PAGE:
The Centers for Disease Control and Prevention on Thursday released its influenza vaccination guidance for the 2022-2023 flu season, with preferential advice on which drugs to prescribe for older adults.
Adults aged 65 years and older should receive a strengthened influenza vaccine for the best protection against severe illness, according to the CDC’s Advisory Committee on Immunization Practices, which develops and authors the guidance.
Older patients should be advised to take an adjuvanted or high-dose vaccines over standard vaccines when available, it stated. These include:
- Quadrivalent high-dose inactivated influenza vaccine (HD-IIV4);
- Quadrivalent recombinant influenza vaccine (RIV4); or
- Quadrivalent adjuvanted inactivated influenza vaccine (aIIV4).
“If none of these three vaccines is available at an opportunity for vaccine administration, then any other age-appropriate influenza vaccine should be administered,” the committee stated.
Standard influenza vaccines are often less effective in seniors when compared with younger populations due to the former group’s naturally declining immunity. Quadrivalent formulations of high-dose (HD-IIV4) and adjuvanted (aIIV4) influenza vaccines were introduced in the 2020-2021 season, to further shield at-risk recipients from flu and severe flu outcomes. These options add strengthened protection by stimulating an immune response against four different antigens. Trivalent formulations of these vaccines are no longer available, the committee noted.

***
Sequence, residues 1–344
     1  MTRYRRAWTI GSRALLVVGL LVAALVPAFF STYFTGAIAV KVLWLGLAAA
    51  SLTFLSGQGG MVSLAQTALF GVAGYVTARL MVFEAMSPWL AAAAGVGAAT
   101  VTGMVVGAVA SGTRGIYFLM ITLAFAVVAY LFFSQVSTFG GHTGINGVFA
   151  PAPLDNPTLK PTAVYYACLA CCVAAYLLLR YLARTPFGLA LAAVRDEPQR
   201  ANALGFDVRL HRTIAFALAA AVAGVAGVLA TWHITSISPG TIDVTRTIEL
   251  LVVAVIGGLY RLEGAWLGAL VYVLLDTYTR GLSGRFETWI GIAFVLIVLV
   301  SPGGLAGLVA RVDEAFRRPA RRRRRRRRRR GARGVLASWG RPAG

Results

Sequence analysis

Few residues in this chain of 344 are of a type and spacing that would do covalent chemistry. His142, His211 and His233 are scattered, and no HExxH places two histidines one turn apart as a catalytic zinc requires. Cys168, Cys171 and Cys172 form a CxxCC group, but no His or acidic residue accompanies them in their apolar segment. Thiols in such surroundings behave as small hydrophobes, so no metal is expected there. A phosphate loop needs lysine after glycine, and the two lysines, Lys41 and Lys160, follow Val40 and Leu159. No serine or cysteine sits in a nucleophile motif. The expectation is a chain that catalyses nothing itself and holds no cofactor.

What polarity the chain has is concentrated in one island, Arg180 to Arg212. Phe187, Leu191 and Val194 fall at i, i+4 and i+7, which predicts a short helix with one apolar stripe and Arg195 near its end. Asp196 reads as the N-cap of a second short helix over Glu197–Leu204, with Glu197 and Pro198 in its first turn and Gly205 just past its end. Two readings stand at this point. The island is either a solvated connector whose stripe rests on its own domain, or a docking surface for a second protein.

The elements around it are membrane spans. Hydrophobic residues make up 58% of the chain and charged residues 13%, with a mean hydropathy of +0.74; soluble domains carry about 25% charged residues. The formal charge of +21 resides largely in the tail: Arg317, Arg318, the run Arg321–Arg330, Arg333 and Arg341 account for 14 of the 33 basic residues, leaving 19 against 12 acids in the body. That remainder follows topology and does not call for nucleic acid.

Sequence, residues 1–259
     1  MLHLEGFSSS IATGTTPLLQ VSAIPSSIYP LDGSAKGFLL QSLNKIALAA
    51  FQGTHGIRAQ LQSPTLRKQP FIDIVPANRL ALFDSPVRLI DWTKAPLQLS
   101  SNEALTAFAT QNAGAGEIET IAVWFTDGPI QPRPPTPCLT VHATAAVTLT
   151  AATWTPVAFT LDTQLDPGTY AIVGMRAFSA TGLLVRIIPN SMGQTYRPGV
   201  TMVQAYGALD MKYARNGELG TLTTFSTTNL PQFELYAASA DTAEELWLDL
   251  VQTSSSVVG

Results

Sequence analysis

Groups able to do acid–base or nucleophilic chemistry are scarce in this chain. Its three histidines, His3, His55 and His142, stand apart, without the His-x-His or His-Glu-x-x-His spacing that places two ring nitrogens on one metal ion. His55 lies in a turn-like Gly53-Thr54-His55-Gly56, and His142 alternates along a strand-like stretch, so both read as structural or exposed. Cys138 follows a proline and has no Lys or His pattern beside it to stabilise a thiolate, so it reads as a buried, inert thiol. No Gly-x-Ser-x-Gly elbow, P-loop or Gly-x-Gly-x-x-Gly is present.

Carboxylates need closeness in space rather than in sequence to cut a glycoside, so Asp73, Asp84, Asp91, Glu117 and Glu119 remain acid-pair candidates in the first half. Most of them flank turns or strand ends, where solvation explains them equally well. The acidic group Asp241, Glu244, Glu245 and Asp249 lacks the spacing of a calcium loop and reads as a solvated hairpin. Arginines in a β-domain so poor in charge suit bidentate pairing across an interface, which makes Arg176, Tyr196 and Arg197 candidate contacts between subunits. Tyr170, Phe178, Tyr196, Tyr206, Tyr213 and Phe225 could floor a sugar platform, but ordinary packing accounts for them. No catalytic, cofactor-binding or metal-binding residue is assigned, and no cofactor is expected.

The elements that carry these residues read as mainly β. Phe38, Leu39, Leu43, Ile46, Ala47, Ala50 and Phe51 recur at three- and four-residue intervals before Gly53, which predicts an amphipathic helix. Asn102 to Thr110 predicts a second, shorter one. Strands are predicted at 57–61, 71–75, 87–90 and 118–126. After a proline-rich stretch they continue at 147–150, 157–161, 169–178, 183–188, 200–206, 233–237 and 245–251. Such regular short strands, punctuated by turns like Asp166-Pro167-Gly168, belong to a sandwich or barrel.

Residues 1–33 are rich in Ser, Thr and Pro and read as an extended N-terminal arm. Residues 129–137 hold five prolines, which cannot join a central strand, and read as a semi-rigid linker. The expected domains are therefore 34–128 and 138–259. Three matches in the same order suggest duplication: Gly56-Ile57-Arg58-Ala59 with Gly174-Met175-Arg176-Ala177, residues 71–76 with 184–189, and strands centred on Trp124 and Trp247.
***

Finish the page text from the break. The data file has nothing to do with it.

Clinicians should begin offering flu vaccination during September or October for most people who require only one dose for the season. Vaccination during July and August for older adults “should be avoided unless there is concern that vaccination later in the season might not be possible,” they added.